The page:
After an hour, go ahead and look at it.  It’s not ready yet, which you can see if you jiggle the pan ever so gently.  There’s still a lot of motion in there, right?  Not done.  So shut the oven door and check it again in about 30 minutes.  It’s probably getting closer, but it’s still not there, I bet.

Since you’re using a rather gentle cooking method (the water bath), it’s not going to suddenly be overcooked in another five minutes, so go ahead and let it cook another fifteen minutes or so.  Keep checking until the center barely moves (or doesn’t at all), and then carefully take it out of the oven.   If you bring the whole thing – cake pan with VERY HOT water and springform pan – work slowly and carefully and set the whole thing down somewhere flat as soon as you can, just to avoid spilling any hot water on yourself.

Next, remove the springform pan from the water and set on a rack to cool. 


Remove the foil, too, by the way.  You should probably put a towel or paper towels under the rack – there will be drippage.

It’s going to take a LOOOOOOOOOOONG time for the cheesecake to cool.  In fact, unless you’re up early in the morning making this, don’t plan on eating it until tomorrow.  After it comes to room temp, then you need to refrigerate it for a good long time – 6 hours or so, or overnight.  Yes, it was silly of me to make this ON Bill’s birthday as a birthday cake…but I wasn’t really thinking that far ahead when I started in.  I just thought – CHEESECAKE! – and I was off and baking.  Fortunately we had that other cake to eat on Bill’s actual birthday. 

Anyway.  You’ve let the cheesecake cool to room temperature and you’ve refrigerated it for at least several hours or overnight.

When it’s time to serve, the first thing you’ll need to do is run a knife around the cake to separate it completely from the sides of the springform pan.  Then pop the hinge on the pan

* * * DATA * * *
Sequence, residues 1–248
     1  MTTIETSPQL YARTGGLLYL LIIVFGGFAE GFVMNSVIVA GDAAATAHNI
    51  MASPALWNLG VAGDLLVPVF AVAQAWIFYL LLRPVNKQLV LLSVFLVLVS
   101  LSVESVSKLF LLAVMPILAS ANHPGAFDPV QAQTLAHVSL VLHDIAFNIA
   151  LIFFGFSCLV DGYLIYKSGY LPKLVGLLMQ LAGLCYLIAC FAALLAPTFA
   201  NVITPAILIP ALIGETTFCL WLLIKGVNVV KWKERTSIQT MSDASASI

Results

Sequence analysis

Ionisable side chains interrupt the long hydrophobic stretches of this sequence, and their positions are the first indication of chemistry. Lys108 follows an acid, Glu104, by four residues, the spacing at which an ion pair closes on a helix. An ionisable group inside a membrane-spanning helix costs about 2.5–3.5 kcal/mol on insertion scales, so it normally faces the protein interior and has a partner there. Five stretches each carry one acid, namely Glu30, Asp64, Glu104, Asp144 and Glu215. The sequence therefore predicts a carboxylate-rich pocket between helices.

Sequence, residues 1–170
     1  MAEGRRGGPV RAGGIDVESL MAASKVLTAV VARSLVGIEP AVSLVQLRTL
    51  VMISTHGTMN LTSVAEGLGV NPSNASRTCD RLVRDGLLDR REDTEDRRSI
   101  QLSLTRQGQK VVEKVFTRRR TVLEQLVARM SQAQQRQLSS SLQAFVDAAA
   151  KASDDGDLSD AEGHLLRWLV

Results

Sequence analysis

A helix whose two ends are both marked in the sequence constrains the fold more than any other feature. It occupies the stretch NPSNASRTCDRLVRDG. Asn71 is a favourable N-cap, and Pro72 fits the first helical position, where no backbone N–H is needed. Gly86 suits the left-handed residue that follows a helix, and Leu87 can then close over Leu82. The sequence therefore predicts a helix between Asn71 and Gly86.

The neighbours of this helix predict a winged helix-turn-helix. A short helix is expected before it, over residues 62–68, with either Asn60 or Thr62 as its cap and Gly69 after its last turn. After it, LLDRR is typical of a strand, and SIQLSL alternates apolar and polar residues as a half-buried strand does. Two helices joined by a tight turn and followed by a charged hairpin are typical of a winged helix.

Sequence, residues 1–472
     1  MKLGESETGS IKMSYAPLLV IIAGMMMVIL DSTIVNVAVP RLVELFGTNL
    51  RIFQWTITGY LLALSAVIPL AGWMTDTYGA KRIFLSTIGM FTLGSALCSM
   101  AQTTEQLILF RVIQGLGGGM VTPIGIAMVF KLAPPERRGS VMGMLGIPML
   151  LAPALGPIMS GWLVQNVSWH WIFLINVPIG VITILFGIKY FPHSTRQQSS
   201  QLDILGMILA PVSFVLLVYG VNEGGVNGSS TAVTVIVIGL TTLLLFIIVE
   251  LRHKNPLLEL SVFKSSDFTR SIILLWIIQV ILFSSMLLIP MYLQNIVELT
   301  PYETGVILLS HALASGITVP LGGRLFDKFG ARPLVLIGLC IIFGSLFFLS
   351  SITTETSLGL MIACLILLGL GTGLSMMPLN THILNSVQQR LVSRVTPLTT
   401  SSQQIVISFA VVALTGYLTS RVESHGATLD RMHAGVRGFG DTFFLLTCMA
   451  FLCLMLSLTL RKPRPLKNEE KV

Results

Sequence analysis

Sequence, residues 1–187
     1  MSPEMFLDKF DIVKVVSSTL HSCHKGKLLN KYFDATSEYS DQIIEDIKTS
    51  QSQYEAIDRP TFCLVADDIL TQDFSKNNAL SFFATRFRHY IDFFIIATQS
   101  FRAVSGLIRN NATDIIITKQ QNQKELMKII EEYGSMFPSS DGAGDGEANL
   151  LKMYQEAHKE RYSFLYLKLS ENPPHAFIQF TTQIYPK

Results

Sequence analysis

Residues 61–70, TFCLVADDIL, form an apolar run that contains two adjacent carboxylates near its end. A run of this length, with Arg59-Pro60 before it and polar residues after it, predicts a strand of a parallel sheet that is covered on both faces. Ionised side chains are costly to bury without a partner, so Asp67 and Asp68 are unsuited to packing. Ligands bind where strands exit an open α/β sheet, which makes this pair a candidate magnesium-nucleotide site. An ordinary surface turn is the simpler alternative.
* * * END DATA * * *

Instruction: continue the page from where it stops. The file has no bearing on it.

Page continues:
and lift it off.


The easiest way (well one of them) to slice the cake is to run your knife under hot water before you make each cut. 


Wipe the knife clean in between cuts as well.  This way the cake won’t stick to the knife and pull against the rest of the cake.

Not that it will taste any different.


Now some feedback…

Bill liked it a lot, and since I’d made it for him, that’s really all that mattered.

Alex bravely tried a bite, but he didn’t like it.  It’s a texture thing.

Julia liked it.

My sister, her family, and some of her husband’s friends who tried it also liked it.

My parents liked it.

And me?


Overall, I was surprised and happy with how well it turned out.  The "crust that’s not a true crust" was fine, but it’s a different texture from a traditional crust, so there’s a bit of mental adjustment needed.  (Or not.  I think I’m the only one who had any mental adjusting to do.  Figures.)  The texture of the cheesecake was creamy and light, and the cherries added a nice burst of juicy fruitiness throughout. 

I’m not sure if I’d put the chocolate chips in again.  I guess I just don’t like hard bits of things in my cheesecake, but that’s just me.  I used mini chips, which I think was a better move than using the standard size, but maybe if I did this again, I’d make the following changes – I’d make a cookie crust, and then melt a layer of chocolate over the crust, chill that til it’s hard, and then pour the cheesecake batter over the top and bake it.  Or…I’d serve it with a drizzle of chocolate ganache.  A healthy drizzle. 

Or maybe I’ll make something without cherries…maybe steep toasted hazelnuts in some cream for a while and add that to the batter…with a ribbon of ganache running through it and more chopped, toasted hazelnuts on top…or in the crust…or both…and some whipped cream. 

Or maybe I’ll just satisfy my purist heart and make a plain one.


To borrow from Sondheim, "so many…possibilities."